Eileen Ryan Ewen is a Catholic illustrator and the artist behind Word on Fire Spark’s latest release, Bless the Lord. She lives in Ohio with her husband, four children, and three cats. Haley Stewart, Editor of Word on Fire Spark (Word on Fire’s children’s imprint) interviewed her about her faith, her journey as an artist, and this new book project.
Eileen, tell us a little bit about yourself. Where do you live? Tell us about your family!
Though I was born in Virginia and have lived in St. Louis and Chicago as an adult, my current home of Cleveland Heights, Ohio, is actually where I grew up. It is a wonderful, eclectic place full of memories, friends, family, and a cast of characters I wouldn’t trade for the world.
I live with my husband and four kids, ages ten through sixteen. My oldest is a boy, followed by three girls—so he’s well-versed in Taylor Swift songs. We also have three cats named after Addams Family characters. Pugsley the cat is a lot like Pugsley the character.
What’s your religious background? Did you grow up in the faith?
I’m a cradle Catholic, born from two cradle Catholics. My father was even a Franciscan friar for several years and studied at seminary before deciding that he was not called to be a priest. Our faith was always very central to our lives. Not only did my siblings and I attend Catholic schools and weekly Mass, but discussions about religion were common. My parents always welcomed questions, encouraged us to think deeply and look widely at all sides, and shared the beauty of the Church’s teachings. I think because of this, I’ve grown to appreciate the beauty and nuances of the Church and the beauty and nuances of human nature. Today, my kids attend (or have graduated from) the same parish school I went to, and my eldest daughter is a freshman at the same Ursuline high school I attended.
Have you always been an artist? What was your journey to becoming a professional artist like?
Yes! The art bug definitely runs in my family.
When I was in fourth grade, I wrote and illustrated a little story I made up on a rainy day. My teacher saw it and said I should submit it to the school’s literary journal. I did and ended up winning second place out of the entire school. It dawned on me that people make books for a living, and I knew then that’s exactly what I wanted to do.
I was lucky to attend a high school with an excellent studio art program. From there, I majored in painting at Miami University. Following college, I knew I wanted to be a children’s book illustrator, but wasn’t quite sure how to break in.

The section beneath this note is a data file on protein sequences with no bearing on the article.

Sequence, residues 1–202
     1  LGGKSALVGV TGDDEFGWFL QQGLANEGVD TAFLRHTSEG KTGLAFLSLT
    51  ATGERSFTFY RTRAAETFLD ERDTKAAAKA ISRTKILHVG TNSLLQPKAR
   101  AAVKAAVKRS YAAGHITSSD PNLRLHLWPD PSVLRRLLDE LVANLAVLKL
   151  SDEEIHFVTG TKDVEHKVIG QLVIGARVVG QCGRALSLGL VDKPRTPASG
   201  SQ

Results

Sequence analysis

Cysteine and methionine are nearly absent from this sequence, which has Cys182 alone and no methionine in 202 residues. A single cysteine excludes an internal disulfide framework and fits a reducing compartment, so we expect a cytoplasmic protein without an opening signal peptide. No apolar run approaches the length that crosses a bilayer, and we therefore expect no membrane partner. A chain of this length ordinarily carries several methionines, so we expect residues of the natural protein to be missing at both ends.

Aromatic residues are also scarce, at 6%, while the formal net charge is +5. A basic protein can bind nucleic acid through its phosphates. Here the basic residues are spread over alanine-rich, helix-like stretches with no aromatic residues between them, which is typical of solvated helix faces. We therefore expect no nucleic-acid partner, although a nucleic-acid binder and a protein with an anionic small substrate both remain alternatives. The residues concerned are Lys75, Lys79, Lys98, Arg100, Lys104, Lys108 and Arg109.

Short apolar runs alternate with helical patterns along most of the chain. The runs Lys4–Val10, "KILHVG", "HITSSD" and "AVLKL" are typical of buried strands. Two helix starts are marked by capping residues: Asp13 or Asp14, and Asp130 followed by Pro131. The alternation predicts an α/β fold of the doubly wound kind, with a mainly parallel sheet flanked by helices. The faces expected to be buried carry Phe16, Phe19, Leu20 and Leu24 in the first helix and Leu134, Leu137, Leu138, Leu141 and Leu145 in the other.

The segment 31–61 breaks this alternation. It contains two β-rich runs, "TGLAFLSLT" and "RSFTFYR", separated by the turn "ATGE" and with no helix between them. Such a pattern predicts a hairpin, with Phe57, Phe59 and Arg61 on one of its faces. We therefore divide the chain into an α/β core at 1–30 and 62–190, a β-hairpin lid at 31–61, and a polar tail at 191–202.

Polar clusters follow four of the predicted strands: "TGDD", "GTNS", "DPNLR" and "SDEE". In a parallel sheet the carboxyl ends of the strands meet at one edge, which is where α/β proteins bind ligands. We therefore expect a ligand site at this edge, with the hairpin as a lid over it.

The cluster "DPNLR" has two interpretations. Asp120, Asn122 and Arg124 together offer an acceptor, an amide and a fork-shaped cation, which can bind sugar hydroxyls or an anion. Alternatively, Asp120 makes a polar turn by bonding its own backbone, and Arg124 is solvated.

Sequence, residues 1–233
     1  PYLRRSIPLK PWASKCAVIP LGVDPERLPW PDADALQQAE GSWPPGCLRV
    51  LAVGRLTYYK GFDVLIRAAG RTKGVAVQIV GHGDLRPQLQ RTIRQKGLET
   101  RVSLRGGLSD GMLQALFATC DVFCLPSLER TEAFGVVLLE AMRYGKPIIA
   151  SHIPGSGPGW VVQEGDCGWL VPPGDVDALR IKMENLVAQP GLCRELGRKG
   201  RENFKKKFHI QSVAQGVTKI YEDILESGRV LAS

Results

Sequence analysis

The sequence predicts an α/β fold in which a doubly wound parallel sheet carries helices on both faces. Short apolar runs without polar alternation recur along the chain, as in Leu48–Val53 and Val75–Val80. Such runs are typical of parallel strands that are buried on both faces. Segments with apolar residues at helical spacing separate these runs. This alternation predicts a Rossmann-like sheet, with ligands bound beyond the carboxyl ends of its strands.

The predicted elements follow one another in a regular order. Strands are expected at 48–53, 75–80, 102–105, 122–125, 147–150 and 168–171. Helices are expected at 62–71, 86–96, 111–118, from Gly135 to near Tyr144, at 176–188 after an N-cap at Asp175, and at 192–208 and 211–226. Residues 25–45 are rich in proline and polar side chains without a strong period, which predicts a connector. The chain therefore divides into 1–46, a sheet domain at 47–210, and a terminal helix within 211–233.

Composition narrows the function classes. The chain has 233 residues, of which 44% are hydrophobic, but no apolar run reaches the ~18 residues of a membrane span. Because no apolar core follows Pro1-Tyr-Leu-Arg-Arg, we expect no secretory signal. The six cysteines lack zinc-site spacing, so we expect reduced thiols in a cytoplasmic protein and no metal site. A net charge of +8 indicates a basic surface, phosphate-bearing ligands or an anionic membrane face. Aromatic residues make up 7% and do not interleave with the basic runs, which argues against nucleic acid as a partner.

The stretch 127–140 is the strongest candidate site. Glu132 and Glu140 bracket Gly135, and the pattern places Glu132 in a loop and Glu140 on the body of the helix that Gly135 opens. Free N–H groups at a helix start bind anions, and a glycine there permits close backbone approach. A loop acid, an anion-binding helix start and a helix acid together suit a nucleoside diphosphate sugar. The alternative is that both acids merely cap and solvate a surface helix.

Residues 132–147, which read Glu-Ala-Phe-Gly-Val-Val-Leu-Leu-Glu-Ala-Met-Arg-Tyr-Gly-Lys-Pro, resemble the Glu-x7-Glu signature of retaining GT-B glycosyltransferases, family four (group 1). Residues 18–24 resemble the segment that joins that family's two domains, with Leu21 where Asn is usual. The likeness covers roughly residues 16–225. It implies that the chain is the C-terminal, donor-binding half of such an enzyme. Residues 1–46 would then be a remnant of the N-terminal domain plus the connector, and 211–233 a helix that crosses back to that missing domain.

It was after my youngest daughter was born, probably at the busiest and most sleep-deprived moment in my life, that I decided it was time to finally get into kids’ books. It was probably a blessing to have such little time because I couldn’t explore a million different illustration styles or dabble with oil paints. Instead, I taught myself watercolor painting and stuck with that. In fact, my first book contract was the result of an illustration postcard with an illustration of my family on the front that I sent to art directors at a publishing house.
Ever since that first book, I’ve continued to illustrate children’s books and am always trying to grow and learn as an artist. I honestly feel I am one of the luckiest people to get to do what I love, with the people I love, every day.
What were the books that really captured your imagination as a child?
There was an old Legends of King Arthur in my house. I can’t recall the edition, but it was well worn and gorgeously illustrated. My siblings and I all recall being enamored with it, primarily because of the illustrations and getting lost in its pages. Another book from my early childhood was The Clown of God by Tomie dePaola. I received it for my First Communion. Both of my parents loved the illustrations as well as the story. Seeing adults so invested in children’s books, appreciating both story and art and picking books for their children that appealed to them as well (not just blindly picking something off the shelf), has made an impact on me both as a book creator and as a parent.
As an older child, Jane Eyre, Where the Red Fern Grows, and A Tree Grows in Brooklyn were my favorites that I read over and over. I remember wishing they were illustrated!
How do you understand your calling as an artist in relation to your Catholic faith?
Art and faith have often intertwined for me, even when I didn’t recognize it at the time. Twelve years of Catholic school and teachers reminding us that our talents are gifts from God that should be shared definitely helped form a connection between my drawing ability and God.